WRI India at India Land Development Conference 2019
WRI India invites you to attend the India Land Development Conference 2019 and participate in the following sessions:
Masterclass on the Restoration Opportunities Atlas of India
Who: Marie Duraisami, Dr. K M Jayahari, Sidhtharthan Seagrin, Dr. Ruchika Singh
When: Wednesday, March 13, 2019 at 9:00 AM to 10:30 AM
WRI India recently launched the Restoration Opportunities Atlas for India, an interactive and web-based platform that can enable strategic planning for forest protection and landscape restoration in the country. The Restoration Opportunities Atlas brings together fragmented data and through rigorous analysis, to answer three questions:
• Where can forest and tree cover be protected and increased, and how much carbon sequestration will this result in?
• Which tree-based restoration interventions have been implemented in different states? Who are the principal actors who have implemented these projects?
• What necessary enabling conditions need to be in place and what risks addressed to ensure achievement of protection and restoration goals?
The masterclass will elaborate on how the Atlas could serve as a planning tool that can enable developing pathways for forest protection and landscape restoration that can support in meeting India’s forestry commitment under the Paris climate agreement and the national targets underpinning the global Sustainable Development Goals (SDGs).
For further questions about the masterclass, please reach out to Marie Duraisami (Marie.firstname.lastname@example.org).
Register here for this session.
Panel discussion on Modalities for Building a Community-Led Restoration Movement at Scale
When: Wednesday, March 13, 2019 at 3:30 PM to 5:00 PM
Session Chair: Dr. Rita Sinha, Former Secretary, Department of land Resources (TBC)
• Introduction: Landscape restoration opportunity in India: community led restoration as a pathway to scaling restoration in India | Dr. Ruchika Singh, WRI India
• Role of institutions in building a community led restoration movement: experiences from Maharashtra | Dr. Geetanjoy Sahu, TISS
• Upscaling Community led restoration efforts - How Community Forest Rights under FRA can help? | Ambrish Mehta, ARCH
• Community led forest resource management and conservation in the context of FRA (2006): Experiences from the Nilgiri Biosphere Reserve | Dr. Jyotsna Krishnakumar, Keystone foundation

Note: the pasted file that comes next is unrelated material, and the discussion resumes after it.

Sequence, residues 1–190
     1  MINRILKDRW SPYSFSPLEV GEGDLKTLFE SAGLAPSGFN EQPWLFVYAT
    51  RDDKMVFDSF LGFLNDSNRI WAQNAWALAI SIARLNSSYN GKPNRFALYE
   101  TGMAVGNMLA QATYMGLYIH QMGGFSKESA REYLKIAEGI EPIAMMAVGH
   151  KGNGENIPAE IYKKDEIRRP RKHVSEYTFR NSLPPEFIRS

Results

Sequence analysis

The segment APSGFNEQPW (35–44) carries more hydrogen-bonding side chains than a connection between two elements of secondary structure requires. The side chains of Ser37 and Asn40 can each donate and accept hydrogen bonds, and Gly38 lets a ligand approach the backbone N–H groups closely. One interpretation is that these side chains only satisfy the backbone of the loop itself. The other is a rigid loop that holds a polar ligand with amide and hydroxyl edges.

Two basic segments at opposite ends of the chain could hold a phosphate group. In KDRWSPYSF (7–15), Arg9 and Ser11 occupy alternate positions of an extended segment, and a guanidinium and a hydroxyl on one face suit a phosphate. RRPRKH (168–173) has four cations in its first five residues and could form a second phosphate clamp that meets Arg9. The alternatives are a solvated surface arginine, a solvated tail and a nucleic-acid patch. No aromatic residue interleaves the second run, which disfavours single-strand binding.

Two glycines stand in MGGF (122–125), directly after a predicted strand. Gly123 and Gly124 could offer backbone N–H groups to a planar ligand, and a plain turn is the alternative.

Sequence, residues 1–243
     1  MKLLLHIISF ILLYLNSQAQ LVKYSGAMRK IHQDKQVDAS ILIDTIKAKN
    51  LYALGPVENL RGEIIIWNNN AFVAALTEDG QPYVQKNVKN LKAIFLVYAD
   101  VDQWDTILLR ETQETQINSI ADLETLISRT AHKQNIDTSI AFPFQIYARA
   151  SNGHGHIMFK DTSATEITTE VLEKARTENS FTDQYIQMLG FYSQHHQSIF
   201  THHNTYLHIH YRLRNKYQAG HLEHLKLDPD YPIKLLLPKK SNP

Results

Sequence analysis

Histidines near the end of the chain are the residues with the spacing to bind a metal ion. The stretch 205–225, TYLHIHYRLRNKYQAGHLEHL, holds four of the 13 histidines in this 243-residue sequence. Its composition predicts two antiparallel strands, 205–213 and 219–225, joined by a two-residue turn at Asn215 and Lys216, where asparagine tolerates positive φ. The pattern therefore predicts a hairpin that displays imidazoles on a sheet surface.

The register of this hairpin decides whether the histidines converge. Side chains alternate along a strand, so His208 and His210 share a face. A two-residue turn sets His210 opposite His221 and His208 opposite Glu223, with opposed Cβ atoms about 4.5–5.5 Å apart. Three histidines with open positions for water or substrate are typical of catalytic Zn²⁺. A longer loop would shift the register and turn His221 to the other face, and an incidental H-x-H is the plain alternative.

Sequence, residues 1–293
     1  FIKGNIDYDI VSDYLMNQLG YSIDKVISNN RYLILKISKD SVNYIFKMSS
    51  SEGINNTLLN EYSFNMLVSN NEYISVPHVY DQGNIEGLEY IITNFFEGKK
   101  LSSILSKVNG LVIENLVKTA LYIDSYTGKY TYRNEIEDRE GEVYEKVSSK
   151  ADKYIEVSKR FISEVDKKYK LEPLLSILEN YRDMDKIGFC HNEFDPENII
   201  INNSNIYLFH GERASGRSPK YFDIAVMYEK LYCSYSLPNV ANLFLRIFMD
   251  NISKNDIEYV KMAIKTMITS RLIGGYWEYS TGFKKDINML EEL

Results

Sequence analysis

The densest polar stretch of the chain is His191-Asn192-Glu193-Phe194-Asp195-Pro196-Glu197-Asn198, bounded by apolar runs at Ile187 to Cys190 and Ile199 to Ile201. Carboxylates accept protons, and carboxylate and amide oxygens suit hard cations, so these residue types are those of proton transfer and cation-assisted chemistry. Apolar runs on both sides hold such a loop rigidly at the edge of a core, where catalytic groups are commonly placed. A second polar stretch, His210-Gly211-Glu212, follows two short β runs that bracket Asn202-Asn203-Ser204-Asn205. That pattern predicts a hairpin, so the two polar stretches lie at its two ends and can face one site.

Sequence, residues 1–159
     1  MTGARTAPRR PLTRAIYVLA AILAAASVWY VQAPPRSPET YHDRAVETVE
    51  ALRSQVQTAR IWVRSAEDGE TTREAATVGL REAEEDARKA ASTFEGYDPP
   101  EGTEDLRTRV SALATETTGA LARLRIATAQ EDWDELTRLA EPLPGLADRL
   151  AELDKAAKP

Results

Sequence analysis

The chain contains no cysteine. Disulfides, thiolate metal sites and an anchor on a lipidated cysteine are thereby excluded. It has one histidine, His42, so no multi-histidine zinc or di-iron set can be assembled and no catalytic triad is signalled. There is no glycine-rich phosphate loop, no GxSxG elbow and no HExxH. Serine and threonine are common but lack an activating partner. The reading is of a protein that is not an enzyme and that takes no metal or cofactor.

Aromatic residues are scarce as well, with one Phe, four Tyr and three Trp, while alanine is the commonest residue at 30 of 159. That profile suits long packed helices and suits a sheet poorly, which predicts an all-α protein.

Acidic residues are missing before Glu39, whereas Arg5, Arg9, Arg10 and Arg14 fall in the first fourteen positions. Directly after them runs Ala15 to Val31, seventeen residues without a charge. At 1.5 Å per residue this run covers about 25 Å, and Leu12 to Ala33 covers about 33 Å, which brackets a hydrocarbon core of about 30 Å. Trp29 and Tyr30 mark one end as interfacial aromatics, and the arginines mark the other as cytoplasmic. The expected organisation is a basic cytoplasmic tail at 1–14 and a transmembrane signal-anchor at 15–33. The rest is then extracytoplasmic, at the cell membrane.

• Forest management experience sharing from Karbi-Anglong autonomous council | Shri. Tuliram Ronghang, Karbi Anglong district council, Assam
Forests and agriculture are the economic lifelines of over 700 million people living in rural India. This includes about 89 million tribal population who constitute the poorest and most marginalized sections of the country. Recently published, IPCC special report on global warming of 1.5°C indicates that consequences of the 1°C warming are already being felt through increased extreme weather events, rising sea levels, among others. These changes in climate variability and intensity of extreme events has increased vulnerability of 700 million people in India who are dependent on land and forests for their sustenance. Developing sustainable pathways that can enable avoiding climate change impacts, and limit global warming to 1.5°C to 2°C is critical. Integrating trees within different land uses, has been identified as an effective natural climate solution to complex environmental and social challenges arising due to climate change.
There is growing international consensus that recognition of community forest resource rights, for instance, can lead to healthier forests, and lower carbon dioxide emissions from deforestation and forest degradation. India has a rich history of landscape restoration interventions implemented as part of various forest and wildlife management plans, watershed development and rural development programs. These projects comprised of multiple actors including government, civil society, private sector, communities and other institutions with varying impacts on environment, communities and the economy. Despite the long history, restoration in India is characterized by small scale, site-level successes which have not scaled up. With forest dependent communities emerging as a major stakeholder, this could be one pathway for achieving restoration at scale. This session would discuss the emerging experience from the local level on opportunities and constraints faced post rights recognition for resource management. What are the financial mechanisms, knowledge and capacity building measures that could be key for developing a network of community led restoration and management in India at scale. What are the potential pathway for strengthening the institutional mechanism for community led restoration?
For further questions about this session, please reach out to Ruchika Singh (Ruchika.Singh@wri.org).
Register here for this session.
A detailed agenda for the conference can be found here.